It’s not the size that counts

I still find it difficult to read *shakes fist at illness*, but unfortunately also still have the need to read things all in one go.  Alas this can lead to attempting to read a whole novel like I used to and then spending the next couple of days struggling to form coherent sentences.  I know that technically I could just read for 5 minutes at a time, but it’s physically impossible for me to stop once I start reading something good.

To stop my ridiculousness I’ve switched over to short fiction.  And it’s amazing.  I have no idea how I missed out on all of this for so long.

Obviously short fiction is limited in terms of plot and character development just because there are fewer words, but there can still be so much complexity, excitement and quiet creeping.  There’s just something about a story or idea cut back to its essence, often in a strange or surprising way.  Mostly, I love the potential for ambiguity in short fiction that you can’t really get away with in a full-length novel.

My favourite story (including novels) is this six word novel by Earnest Hemmingway

For sale: Baby shoes, never used

To me, it’s perfect.  I love its ambiguity and how so many stories are contained within just a few words.  Personally, I read a poignant sadness.  Maybe the baby died before it grew into its shoes, maybe the mother died before she could become pregnant, or maybe some other, horrible fate.  However, it’s equally possible that the baby had so many gifts that the parents decided to get rid of some, one of which was a pair of unwanted shoes. The sadness becomes a shrug.  I like thinking about all the possibilities, but I don’t want to know what Hemmingway thought happened because it would shrink them.  What makes it perfect, though, is that so much is said in so few words, no matter what the meaning.  It’s what makes short stories and flash fiction so addictive.  Each one a little literary tardis.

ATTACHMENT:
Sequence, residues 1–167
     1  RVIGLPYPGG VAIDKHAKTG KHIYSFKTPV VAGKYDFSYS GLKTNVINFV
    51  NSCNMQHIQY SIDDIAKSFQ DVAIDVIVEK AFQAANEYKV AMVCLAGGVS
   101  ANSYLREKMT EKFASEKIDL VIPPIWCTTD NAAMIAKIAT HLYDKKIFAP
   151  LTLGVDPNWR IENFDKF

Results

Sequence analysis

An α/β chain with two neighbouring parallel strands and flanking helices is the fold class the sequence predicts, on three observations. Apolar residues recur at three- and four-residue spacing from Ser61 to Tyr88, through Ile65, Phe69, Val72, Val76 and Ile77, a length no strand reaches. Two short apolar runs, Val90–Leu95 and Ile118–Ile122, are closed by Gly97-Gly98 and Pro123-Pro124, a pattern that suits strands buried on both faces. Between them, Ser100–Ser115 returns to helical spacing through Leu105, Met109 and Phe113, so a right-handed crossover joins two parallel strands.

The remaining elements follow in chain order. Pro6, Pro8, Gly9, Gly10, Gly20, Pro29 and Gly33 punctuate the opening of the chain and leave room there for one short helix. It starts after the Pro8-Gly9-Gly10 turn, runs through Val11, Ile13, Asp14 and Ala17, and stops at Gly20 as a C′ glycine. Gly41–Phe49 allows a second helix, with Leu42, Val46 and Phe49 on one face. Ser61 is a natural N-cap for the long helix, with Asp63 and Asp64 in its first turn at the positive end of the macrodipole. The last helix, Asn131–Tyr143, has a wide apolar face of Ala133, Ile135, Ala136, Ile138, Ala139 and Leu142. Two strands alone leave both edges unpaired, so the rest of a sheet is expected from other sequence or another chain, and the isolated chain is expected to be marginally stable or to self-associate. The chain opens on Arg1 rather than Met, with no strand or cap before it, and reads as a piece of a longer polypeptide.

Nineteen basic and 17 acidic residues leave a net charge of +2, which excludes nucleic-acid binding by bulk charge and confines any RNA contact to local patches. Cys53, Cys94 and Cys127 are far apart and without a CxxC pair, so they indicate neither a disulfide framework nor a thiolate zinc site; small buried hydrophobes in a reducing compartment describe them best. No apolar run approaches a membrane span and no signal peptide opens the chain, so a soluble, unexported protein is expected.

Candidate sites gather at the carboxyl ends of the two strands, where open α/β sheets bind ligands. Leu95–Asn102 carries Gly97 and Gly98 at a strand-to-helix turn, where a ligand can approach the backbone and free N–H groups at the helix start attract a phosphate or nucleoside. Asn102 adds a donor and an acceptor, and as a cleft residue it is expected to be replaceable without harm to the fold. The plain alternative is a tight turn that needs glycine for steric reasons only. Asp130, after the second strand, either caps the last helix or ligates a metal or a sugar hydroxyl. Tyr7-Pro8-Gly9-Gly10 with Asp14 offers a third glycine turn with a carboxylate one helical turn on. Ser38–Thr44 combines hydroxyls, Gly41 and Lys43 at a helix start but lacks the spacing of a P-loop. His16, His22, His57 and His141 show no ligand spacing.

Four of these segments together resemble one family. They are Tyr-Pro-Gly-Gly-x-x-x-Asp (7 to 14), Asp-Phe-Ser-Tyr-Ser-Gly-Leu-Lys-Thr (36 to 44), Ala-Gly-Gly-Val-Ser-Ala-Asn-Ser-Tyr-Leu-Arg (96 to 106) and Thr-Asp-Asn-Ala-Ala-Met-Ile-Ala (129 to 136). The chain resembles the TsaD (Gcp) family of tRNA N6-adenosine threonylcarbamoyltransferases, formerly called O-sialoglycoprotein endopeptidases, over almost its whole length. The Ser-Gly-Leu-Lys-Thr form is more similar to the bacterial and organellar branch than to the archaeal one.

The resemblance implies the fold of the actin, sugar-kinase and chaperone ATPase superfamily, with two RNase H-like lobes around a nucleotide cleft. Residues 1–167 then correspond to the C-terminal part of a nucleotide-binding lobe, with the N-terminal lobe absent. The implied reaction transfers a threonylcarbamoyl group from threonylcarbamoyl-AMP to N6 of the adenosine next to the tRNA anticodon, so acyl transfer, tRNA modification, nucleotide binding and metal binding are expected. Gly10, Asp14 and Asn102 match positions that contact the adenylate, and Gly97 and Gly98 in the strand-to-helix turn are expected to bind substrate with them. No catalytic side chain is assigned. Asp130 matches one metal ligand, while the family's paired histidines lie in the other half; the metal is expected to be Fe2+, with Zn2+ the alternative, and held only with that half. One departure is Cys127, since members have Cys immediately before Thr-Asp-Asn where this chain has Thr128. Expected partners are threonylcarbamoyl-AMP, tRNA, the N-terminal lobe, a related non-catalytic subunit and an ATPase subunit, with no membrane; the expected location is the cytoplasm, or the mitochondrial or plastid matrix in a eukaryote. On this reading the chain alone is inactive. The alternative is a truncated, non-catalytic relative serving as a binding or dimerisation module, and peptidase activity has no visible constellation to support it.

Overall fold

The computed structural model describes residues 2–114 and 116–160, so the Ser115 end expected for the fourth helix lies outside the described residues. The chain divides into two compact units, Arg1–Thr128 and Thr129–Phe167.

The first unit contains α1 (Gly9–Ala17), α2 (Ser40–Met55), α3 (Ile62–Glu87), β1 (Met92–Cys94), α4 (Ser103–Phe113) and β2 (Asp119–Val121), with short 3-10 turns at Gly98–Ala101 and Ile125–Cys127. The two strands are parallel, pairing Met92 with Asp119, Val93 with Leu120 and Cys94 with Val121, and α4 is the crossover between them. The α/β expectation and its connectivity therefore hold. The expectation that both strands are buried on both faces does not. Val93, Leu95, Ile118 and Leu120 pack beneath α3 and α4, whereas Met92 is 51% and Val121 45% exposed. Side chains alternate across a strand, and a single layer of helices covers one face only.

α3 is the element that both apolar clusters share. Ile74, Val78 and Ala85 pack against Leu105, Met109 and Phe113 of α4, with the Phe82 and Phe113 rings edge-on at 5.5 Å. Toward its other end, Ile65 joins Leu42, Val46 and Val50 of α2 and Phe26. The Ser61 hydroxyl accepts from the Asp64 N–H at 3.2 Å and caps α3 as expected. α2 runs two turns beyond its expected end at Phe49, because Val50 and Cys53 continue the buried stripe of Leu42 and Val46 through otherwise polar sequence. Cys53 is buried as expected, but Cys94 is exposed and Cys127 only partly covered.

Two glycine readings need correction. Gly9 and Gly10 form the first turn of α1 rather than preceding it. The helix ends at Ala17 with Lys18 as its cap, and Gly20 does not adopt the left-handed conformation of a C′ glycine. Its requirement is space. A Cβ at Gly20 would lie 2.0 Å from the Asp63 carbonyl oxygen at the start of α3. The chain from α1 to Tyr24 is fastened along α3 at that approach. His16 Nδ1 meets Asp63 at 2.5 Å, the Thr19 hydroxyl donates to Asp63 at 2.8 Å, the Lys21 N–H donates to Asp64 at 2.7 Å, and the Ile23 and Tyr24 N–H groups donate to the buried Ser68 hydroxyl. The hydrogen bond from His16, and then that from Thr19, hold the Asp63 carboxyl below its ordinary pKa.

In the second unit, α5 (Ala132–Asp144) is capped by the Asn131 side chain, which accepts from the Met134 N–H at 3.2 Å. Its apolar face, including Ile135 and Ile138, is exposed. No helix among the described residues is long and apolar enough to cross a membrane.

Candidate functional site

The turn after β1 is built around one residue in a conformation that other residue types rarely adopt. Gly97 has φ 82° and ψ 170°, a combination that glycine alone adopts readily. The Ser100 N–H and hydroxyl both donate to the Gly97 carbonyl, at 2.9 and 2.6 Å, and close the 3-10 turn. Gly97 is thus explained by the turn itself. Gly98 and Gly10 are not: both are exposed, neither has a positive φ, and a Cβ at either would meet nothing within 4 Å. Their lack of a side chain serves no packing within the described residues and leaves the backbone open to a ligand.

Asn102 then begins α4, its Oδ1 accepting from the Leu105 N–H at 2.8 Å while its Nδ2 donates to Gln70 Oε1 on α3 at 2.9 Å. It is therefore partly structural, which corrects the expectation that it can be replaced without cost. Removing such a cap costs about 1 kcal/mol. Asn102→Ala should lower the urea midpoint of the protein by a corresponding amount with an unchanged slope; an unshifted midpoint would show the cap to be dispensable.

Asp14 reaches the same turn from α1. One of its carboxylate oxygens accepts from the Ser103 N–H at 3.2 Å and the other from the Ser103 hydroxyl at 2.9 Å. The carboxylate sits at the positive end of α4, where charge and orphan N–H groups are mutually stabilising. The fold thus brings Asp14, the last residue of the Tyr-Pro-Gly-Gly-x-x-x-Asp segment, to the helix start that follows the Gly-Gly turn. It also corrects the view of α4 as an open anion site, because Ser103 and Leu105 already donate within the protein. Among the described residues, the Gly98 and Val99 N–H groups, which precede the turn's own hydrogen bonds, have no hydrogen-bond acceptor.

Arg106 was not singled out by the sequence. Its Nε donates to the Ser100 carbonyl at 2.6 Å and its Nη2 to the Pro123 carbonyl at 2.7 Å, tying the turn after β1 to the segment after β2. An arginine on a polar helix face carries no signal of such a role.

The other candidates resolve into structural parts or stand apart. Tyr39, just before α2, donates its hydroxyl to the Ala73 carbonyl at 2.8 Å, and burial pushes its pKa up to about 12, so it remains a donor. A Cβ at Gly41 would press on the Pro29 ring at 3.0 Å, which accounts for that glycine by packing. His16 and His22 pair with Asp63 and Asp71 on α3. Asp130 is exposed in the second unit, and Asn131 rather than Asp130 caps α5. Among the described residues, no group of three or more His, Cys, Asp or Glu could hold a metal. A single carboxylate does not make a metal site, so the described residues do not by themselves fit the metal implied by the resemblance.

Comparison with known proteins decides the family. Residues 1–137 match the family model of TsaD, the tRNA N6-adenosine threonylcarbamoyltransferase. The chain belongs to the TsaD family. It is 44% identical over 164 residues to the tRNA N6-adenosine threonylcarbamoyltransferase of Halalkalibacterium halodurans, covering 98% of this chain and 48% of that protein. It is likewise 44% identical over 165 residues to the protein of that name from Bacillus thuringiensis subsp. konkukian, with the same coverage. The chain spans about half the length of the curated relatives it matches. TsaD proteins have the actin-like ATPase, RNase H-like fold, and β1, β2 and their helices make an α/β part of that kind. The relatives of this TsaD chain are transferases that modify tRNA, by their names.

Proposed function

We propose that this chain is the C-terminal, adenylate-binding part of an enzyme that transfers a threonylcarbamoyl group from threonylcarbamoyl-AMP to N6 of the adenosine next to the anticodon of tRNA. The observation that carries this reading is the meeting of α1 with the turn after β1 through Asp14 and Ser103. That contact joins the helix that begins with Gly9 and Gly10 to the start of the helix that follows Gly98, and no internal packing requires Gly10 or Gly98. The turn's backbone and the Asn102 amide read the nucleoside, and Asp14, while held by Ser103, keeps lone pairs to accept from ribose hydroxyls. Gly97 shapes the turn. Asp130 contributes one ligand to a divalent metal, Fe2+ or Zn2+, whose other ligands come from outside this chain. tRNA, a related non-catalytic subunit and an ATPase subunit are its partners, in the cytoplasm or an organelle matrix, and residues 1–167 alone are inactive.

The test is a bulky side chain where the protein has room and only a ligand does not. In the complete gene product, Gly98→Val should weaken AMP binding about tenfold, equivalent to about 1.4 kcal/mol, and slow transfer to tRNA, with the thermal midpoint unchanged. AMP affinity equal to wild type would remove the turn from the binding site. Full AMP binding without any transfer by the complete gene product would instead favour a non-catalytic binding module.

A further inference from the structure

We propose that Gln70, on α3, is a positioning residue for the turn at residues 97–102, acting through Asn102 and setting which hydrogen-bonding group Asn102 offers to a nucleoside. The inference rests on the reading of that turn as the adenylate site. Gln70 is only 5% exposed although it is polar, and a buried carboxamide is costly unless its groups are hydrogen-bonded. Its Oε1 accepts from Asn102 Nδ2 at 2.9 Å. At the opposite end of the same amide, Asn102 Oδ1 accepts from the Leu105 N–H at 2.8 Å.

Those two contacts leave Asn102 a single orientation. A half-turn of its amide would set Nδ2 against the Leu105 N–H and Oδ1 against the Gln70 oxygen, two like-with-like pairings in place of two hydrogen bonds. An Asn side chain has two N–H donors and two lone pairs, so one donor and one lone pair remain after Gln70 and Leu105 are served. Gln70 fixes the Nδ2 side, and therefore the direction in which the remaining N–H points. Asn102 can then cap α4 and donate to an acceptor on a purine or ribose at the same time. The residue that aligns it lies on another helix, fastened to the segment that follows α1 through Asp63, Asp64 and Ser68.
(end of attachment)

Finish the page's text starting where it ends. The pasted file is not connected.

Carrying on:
I know I’m late to the party, but I’m glad I turned up eventually.

Check out: for some amazing short fiction and poetry, as well as a “writers’ clinic” for stories, writing tips and links to various short fiction sites for UK flash fiction

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4 Responses to It’s not the size that counts

  1. Melinda Nicholson says:

    Hey, Debbie, I remember writing six word stories with you with Mrs Farrell, in that big old room with red desks that used to be geography… it turned out it was almost impossible to write a happy one if I remember rightly! A challenge for you 🙂 you never liked happy ones, hey. So sad to hear you are still ill, I do hope you will be better soon. When you are well enough we must meet up some time. I’ll meet you in the majig!

    Melinda xxx

    • D says:

      I’d forgotten about that! Yeah would be great to see you, was thinking the other day how we used to muck about making up doitches (spelling?) and arguing about ‘lumps’. We were so wierd. 🙂 x

      • Melinda Nicholson says:

        Yes, and naming asteroids Arnold. I think it would be fair to say we weren’t the coolest kids, but we did have alot of fun…. duck, duck, duck….. GOOSE! and corners on the sofa in the third forms common room…. xx

  2. Pingback: Internet Places to Read | mischief and miscellany

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